In this low-key, capacious study, Suzuki, a professor of genetics at the University of British Columbia, and science writer Knudtson (coauthors of Genetics ) compare primitive, aboriginal modes of perceiving the natural world with ``Western culture's ecologically destructive worldview.'' Chapters focused on humans' relationships with, for instance, animals, vegetation and the universe begin with brief summaries of scientific explanation and continue with relevant myths and accounts of daily rituals of such societies as the Chewong in Malaysia, Alaska's Inuit and the Kayapo of the Amazon. Overpopulation, deforestation, solar energy and cyclic and linear approaches to time are considered; of particular interest are essays on the !OK Kung Bushmen's understanding of mammals' physiologies and the Australian aborgines' mythical prehistory, ``Dreamtime.'' Although students of indigenous cultures may find this text basic, it presents an eloquent plea for modern society to more considerately interact with nature. (July)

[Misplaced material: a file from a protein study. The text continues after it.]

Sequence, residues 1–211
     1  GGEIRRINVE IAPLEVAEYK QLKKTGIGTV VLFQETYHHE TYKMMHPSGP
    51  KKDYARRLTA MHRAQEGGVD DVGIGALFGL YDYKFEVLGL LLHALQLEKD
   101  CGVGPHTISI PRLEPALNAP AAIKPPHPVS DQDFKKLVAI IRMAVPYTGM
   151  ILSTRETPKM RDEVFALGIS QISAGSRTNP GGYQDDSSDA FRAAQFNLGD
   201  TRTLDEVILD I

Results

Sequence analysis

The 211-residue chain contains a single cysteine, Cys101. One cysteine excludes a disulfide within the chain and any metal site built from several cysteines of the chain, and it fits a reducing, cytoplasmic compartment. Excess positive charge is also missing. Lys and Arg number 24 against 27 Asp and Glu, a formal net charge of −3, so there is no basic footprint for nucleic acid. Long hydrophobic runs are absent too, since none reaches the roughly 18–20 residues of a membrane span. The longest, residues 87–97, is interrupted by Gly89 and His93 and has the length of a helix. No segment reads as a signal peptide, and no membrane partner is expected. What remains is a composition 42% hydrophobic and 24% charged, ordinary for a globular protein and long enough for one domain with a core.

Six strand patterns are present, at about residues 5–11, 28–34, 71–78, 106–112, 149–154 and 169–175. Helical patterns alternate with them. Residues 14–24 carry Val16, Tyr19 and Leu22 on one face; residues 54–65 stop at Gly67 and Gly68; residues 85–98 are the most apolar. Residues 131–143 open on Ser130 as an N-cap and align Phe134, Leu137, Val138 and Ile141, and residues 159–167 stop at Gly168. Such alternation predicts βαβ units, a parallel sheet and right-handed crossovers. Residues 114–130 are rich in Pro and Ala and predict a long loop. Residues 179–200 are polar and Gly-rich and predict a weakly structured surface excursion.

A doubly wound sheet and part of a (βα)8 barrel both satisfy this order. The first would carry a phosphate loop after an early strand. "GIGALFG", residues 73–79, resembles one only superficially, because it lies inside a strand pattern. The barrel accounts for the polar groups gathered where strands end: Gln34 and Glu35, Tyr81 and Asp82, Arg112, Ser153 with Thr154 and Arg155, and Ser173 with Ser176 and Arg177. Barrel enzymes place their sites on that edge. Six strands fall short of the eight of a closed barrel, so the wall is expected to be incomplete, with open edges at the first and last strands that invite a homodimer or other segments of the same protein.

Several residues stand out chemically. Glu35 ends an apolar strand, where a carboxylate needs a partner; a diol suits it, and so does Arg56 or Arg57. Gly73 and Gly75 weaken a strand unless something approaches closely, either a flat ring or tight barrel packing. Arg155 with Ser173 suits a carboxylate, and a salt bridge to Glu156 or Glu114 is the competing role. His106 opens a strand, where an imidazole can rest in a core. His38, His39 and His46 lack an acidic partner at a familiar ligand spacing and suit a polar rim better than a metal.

Reviewed on: 06/29/1992 Release date: 07/01/1992 Genre: Nonfiction
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